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Please use this identifier to cite or link to this item: http://hdl.handle.net/1942/8256

Title: Human salmonellosis: Estimation of dose-illness from outbreak data
Authors: Bollaerts, Kaatje
Aerts, Marc
Faes, Christel
Grijspeerdt, Koen
Dewulf, Jeroen
Mintiens, Koen
Issue Date: 2008
Publisher: BLACKWELL PUBLISHING
Citation: RISK ANALYSIS, 28(2). p. 427-440
Abstract: The quantification of the relationship between the amount of microbial organisms ingested and a specific outcome such as infection, illness, or mortality is a key aspect of quantitative risk assessment. A main problem in determining such dose-response models is the availability of appropriate data. Human feeding trials have been criticized because only young healthy volunteers are selected to participate and low doses, as often occurring in real life, are typically not considered. Epidemiological outbreak data are considered to be more valuable, but are more subject to data uncertainty. In this article, we model the dose-illness relationship based on data of 20 Salmonella outbreaks, as discussed by the World Health Organization. In particular, we model the dose-illness relationship using generalized linear mixed models and fractional polynomials of dose. The fractional polynomial models are modified to satisfy the properties of different types of dose-illness models as proposed by Teunis et al. Within these models, differences in host susceptibility (susceptible versus normal population) are modeled as fixed effects whereas differences in serovar type and food matrix are modeled as random effects. In addition, two bootstrap procedures are presented. A first procedure accounts for stochastic variability whereas a second procedure accounts for both stochastic variability and data uncertainty. The analyses indicate that the susceptible population has a higher probability of illness at low dose levels when the combination pathogen-food matrix is extremely virulent and at high dose levels when the combination is less virulent. Furthermore, the analyses suggest that immunity exists in the normal population but not in the susceptible population.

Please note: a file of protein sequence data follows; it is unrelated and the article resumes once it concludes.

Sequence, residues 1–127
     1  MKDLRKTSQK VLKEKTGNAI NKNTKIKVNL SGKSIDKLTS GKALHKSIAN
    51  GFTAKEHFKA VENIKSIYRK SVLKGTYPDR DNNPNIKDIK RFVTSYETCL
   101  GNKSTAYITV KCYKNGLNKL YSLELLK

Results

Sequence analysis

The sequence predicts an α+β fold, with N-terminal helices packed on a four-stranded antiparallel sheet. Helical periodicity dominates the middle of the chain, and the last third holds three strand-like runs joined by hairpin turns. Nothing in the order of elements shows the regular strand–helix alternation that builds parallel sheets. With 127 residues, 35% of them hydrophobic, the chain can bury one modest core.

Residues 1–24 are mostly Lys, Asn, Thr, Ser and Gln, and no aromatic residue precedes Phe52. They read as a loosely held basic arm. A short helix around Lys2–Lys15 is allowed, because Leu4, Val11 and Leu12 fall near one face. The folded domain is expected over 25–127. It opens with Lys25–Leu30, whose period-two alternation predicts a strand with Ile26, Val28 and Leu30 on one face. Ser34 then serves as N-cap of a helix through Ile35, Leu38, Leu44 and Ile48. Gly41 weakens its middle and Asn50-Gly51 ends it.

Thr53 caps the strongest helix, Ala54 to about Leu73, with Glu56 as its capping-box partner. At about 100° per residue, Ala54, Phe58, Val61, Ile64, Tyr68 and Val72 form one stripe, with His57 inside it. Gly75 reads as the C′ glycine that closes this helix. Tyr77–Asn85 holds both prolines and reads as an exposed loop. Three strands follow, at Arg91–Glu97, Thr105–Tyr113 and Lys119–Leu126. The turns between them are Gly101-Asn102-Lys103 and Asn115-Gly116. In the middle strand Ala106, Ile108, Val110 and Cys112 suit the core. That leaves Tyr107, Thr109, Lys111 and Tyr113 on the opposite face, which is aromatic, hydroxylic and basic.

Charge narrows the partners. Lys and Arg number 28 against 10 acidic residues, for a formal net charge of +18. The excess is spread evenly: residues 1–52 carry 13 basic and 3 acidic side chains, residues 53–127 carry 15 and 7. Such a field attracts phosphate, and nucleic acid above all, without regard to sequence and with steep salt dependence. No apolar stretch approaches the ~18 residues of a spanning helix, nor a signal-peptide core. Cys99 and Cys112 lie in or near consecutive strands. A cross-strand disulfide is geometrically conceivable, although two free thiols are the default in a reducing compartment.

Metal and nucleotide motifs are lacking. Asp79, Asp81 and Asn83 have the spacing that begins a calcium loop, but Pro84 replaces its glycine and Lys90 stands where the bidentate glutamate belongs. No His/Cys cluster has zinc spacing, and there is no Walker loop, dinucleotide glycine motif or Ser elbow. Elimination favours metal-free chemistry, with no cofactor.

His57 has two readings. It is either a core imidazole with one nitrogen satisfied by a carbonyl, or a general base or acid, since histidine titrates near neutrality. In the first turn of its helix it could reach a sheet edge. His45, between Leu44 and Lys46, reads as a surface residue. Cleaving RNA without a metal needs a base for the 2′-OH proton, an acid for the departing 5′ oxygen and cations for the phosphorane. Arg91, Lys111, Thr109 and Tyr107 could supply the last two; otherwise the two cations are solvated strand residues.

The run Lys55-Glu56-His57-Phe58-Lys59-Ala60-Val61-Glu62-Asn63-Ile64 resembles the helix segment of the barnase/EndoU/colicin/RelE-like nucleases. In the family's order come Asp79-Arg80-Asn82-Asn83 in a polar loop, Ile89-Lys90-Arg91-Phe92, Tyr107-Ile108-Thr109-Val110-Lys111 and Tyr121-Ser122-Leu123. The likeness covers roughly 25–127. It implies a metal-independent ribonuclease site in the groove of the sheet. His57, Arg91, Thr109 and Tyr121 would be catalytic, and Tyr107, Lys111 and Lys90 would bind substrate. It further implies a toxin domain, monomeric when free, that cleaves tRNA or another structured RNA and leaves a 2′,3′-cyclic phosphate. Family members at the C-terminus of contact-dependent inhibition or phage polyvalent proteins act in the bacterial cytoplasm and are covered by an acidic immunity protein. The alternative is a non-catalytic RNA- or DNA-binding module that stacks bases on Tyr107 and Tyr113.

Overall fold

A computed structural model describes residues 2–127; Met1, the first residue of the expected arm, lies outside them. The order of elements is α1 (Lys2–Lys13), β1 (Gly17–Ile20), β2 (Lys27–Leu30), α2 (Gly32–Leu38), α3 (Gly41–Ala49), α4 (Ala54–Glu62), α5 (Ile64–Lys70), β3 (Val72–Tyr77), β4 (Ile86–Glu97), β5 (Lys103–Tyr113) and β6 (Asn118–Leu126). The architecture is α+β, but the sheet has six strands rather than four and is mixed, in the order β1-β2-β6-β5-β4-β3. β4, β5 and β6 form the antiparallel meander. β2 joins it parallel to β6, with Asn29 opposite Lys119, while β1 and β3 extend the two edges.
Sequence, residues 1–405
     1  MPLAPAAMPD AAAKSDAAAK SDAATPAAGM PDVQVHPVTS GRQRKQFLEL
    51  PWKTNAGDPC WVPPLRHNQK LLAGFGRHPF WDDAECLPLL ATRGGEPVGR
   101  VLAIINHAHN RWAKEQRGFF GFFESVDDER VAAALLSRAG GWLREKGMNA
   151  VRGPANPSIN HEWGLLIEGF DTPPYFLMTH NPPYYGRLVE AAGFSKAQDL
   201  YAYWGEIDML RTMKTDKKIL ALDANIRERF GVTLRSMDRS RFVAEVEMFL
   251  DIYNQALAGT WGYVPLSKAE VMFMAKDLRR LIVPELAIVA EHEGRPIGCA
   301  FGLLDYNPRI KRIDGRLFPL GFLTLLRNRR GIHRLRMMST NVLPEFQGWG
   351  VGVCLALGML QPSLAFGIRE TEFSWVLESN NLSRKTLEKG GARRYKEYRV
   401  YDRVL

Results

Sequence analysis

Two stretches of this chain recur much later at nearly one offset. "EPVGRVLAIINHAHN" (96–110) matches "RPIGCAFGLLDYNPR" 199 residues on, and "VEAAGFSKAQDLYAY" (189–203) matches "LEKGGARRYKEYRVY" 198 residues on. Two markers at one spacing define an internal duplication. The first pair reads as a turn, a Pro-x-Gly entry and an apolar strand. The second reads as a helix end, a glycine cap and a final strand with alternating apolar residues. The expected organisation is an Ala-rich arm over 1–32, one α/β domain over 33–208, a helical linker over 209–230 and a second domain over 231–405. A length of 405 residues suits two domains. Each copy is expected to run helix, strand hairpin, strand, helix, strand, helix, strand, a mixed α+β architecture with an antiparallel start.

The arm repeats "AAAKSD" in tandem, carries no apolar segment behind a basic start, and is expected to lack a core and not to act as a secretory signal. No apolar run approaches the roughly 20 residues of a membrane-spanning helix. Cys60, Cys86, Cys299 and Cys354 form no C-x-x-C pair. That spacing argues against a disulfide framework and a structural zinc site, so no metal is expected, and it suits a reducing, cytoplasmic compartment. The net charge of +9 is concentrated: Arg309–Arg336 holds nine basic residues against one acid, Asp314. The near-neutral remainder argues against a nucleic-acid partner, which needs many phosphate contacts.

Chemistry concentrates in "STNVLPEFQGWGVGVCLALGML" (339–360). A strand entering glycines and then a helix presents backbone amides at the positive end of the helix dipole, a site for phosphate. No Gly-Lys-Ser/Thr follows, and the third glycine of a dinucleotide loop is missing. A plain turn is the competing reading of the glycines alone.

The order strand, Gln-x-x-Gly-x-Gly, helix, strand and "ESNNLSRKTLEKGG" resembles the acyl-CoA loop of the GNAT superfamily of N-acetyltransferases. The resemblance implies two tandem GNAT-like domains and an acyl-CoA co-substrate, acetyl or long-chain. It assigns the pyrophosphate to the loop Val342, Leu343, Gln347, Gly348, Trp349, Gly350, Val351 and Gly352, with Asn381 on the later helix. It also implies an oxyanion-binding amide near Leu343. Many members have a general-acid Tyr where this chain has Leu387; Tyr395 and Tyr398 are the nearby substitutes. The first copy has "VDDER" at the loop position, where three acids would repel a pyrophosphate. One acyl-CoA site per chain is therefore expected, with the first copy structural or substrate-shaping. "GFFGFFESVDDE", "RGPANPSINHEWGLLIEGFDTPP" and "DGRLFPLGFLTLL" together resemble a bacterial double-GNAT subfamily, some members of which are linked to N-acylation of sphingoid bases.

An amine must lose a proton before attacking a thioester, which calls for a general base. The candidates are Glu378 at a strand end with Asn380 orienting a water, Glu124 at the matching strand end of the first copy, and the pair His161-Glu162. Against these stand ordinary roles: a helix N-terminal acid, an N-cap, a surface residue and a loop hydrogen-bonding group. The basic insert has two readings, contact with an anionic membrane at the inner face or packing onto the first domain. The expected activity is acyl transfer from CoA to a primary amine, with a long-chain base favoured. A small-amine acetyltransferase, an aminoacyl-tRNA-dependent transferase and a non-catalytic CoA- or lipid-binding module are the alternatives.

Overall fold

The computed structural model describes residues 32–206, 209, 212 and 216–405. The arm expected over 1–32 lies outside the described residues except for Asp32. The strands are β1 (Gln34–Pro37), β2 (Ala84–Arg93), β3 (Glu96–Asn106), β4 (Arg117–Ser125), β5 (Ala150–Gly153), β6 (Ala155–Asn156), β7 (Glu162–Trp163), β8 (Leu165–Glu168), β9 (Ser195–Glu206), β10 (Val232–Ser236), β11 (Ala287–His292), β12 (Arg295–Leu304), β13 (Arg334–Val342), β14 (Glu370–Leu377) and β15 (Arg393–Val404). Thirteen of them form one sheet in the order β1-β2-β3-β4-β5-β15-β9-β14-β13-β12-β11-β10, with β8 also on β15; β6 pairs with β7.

Notes: Univ Hasselt, Ctr Stat, B-3590 Diepenbeek, Belgium. Inst Agr & Fisheries Res, Technol & Food Unit, Diepenbeek, Belgium. Univ Ghent, Fac Vet Med, Ghent, Belgium. Vet & Agrochem Res Ctr, Diepenbeek, Belgium.Bollaerts, K, Univ Hasselt, Ctr Stat, Agoralaan 1 Gebouw D, B-3590 Diepenbeek, Belgium.kaatje.bollaerts@uhasselt.be
URI: http://hdl.handle.net/1942/8256
DOI: 10.1111/j.1539-6924.2008.01038.x
ISI #: 000255061900013
ISSN: 0272-4332
Category: A1
Type: Journal Contribution
Validation: ecoom, 2009
Appears in Collections: Research publications

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